Braves Take Action, Serve Community


WOOD WORK: Student and faculty volunteers cut, split, and stack wood at a home in Star Valley Ranch as part of school service day Braves in Action.

Amber Milne, staff writer

“Small acts, when multiplied by millions of people, can transform the world” (unknown). Service is a ripple effect that can have a lasting result on people. One small or big act of kindness can go a long ways. When a lot of people do a little service, the feeling of love and kindness goes a long way. It can be a great blessing to those in need of a little Christmas spirit. During this Thanksgiving and Christmas season, the students at Star Valley High School devote a day to during service for the community.

PACKING BOXES: Seniors Addie Butler, Ky Simpson, Gabe Clinger, Brady Suter, and Emily Gertch label boxes at the Thayne food bank. “Seeing all the work that needed to be done and seeing it be completed was a really great feeling, knowing you were helping families in need,” said Butler.

Braves in Action takes place on the half day before Thanksgiving break. It is a day simply for service and giving back to the community. There are many activities that the school offers during Braves in Action. Making ornaments, writing letters, chopping wood, and going to the food bank are just some of the activities students can participate in. Whether students participate in these activities or chose to do service of their own is their choice. Any service that is done is a big help to our community.

“Me [sic] and Cameron Erickson helped both of our grandparents for Braves in Actio,” said sophomore Josie Linford. “We helped Cameron’s grandparents set up for Thanksgiving since they couldn’t carry anything heavy. And we helped my grandparents carry down Christmas decorations so they didn’t hurt themselves.” Small acts of service can go a long ways.

SHOUTOUT: Student volunteers penned letters of appreciation to healthcare workers as a service project for Braves in Action.

Many students chose to do their service around the school. “I helped clean out the boys basketball closet.” said junior Kimberley Choma. “It was a lot of fun. We found tons of old uniforms, and it was fun to mess around and still get the job done.”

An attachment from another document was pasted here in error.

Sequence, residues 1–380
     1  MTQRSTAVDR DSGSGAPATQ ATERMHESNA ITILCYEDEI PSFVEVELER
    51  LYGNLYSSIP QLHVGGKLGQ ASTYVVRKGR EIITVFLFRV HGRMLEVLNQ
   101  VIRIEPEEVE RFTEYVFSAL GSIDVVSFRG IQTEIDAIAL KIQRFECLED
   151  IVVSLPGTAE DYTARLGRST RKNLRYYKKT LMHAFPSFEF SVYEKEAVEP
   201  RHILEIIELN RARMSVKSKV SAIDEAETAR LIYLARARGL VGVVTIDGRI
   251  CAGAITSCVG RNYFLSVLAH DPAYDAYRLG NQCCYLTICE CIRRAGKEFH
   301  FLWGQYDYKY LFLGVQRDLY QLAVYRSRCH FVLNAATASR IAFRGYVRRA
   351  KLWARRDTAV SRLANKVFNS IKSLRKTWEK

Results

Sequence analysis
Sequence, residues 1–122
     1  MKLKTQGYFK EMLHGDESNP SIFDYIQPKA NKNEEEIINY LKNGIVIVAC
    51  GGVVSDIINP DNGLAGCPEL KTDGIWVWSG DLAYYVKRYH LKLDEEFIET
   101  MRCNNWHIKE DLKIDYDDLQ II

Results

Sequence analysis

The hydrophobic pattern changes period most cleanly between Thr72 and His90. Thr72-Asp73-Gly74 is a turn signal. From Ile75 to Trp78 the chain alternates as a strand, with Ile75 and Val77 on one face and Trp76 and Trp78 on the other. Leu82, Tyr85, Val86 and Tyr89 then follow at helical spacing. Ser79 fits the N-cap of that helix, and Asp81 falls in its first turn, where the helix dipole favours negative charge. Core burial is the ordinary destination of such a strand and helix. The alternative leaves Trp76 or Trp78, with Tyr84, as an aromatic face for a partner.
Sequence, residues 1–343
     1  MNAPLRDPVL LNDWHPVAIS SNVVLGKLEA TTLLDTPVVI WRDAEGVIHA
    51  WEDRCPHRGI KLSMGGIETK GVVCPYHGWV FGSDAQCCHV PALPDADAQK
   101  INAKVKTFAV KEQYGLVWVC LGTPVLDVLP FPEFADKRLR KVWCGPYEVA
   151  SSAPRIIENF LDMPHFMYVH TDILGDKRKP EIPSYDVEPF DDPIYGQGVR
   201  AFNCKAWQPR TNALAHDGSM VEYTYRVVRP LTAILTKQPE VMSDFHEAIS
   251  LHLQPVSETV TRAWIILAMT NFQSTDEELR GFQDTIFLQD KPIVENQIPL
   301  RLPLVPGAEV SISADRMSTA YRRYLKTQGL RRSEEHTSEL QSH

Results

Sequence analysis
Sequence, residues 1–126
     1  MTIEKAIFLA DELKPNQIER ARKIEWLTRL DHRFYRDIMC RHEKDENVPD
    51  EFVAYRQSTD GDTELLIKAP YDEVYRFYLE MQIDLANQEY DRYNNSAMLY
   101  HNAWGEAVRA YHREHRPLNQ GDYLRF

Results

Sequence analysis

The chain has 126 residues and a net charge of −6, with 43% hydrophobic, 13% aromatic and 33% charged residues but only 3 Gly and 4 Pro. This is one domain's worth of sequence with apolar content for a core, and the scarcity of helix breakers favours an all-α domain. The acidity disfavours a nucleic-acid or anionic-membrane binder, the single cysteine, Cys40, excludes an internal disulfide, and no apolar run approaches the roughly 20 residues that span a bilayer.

Doing small chores around the school also helped future programs and organizations. McKenna Frazier and Kamryn Jenkins wrote letters to our health care workers to thank them for all the work they are doing during this Pandemic. “It felt really good to thank our health care workers for all they are doing. They sacrifice so much and they need to know how much we appreciate them,” said Jenkins. Writing a letter to somebody in need of a little appreciation can go a long way

There are many people in need during the Christmas season. Many students bundled up and chopped wood for elderly people in need of firewood. Junior Joseph Thompson helped chop wood for Anita Harmon in Spring Creek. “It was really cold but it felt good to help some people in need,” said Thompson. Many helping out up Spring Creek may have remembered Mrs. Harmon from her her many years of service at the high school as a secretary. Student and faculty also helped with a wood project at Star Valley Ranch.

Many people received service during Braves in Action. It is a tradition that the staff and administration never wants to go away; however, if students stop participating then this traditional day of service will revert back to a regular half-school day. Nobody wants that to happen. So make sure when next year rolls around you give back to the community and volunteer for a Braves in Action service project.